This book is an effort by two LDS historians to write a comprehensive history of the church that could be used as a college text or for those interested in a one volume study of the church. It is somewhat dated having been written in the 1970's or 80's. I really enjoyed it because although it was an academic study they included lots of anecdotes from journals and personal histories to illustrate the topics being discussed. Although there wasn't a lot of new information, they organized the book a This book is an effort by two LDS historians to write a comprehensive history of the church that could be used as a college text or for those interested in a one volume study of the church. It is somewhat dated having been written in the 1970's or 80's. I really enjoyed it because although it was an academic study they included lots of anecdotes from journals and personal histories to illustrate the topics being discussed. Although there wasn't a lot of new information, they organized the book around themes and not just a straight chronological history. The themes covered topics like the 19th century ward and women in the church. The authors were both professional historians and tried to maintain an evenhanded approach in addressing the issues while using their church membership to provide insights that non-members might not have. I would recommend it for someone interested in an a basic retelling of church history from an academic perspective.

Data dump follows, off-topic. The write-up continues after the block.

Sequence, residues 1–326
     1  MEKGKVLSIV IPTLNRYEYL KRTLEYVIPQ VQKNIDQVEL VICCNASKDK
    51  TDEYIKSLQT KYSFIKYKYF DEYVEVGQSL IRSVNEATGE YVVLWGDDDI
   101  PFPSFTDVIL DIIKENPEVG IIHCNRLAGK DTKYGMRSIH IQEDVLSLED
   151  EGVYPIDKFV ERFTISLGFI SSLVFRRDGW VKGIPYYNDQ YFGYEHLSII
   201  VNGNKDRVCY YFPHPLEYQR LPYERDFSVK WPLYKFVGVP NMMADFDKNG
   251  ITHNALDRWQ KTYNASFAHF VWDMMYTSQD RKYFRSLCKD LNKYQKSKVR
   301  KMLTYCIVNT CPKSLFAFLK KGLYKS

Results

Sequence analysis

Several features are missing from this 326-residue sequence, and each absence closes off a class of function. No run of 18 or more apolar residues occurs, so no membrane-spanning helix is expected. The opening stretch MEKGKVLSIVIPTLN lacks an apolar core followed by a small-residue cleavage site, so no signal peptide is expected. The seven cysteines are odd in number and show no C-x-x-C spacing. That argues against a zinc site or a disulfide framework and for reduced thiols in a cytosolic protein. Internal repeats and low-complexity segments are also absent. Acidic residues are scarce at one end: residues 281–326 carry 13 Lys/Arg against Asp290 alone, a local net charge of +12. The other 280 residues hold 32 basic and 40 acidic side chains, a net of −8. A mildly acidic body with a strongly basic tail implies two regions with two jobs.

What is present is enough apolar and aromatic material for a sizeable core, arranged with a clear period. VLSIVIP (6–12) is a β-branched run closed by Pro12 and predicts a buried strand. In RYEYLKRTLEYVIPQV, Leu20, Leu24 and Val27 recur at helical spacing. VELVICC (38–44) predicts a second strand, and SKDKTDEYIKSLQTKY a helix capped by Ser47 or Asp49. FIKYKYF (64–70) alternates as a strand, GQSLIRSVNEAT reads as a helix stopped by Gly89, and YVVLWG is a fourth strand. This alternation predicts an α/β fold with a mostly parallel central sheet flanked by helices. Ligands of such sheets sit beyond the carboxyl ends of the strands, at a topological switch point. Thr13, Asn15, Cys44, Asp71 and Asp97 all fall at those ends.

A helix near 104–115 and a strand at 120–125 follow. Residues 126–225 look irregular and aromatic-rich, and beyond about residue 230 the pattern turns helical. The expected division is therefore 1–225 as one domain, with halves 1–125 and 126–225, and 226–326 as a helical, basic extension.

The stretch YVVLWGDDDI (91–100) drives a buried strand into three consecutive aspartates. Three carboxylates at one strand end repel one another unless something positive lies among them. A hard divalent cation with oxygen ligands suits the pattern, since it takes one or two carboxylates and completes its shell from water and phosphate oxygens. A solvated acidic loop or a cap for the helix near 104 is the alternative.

4. 5 out of 5

    Chris Mower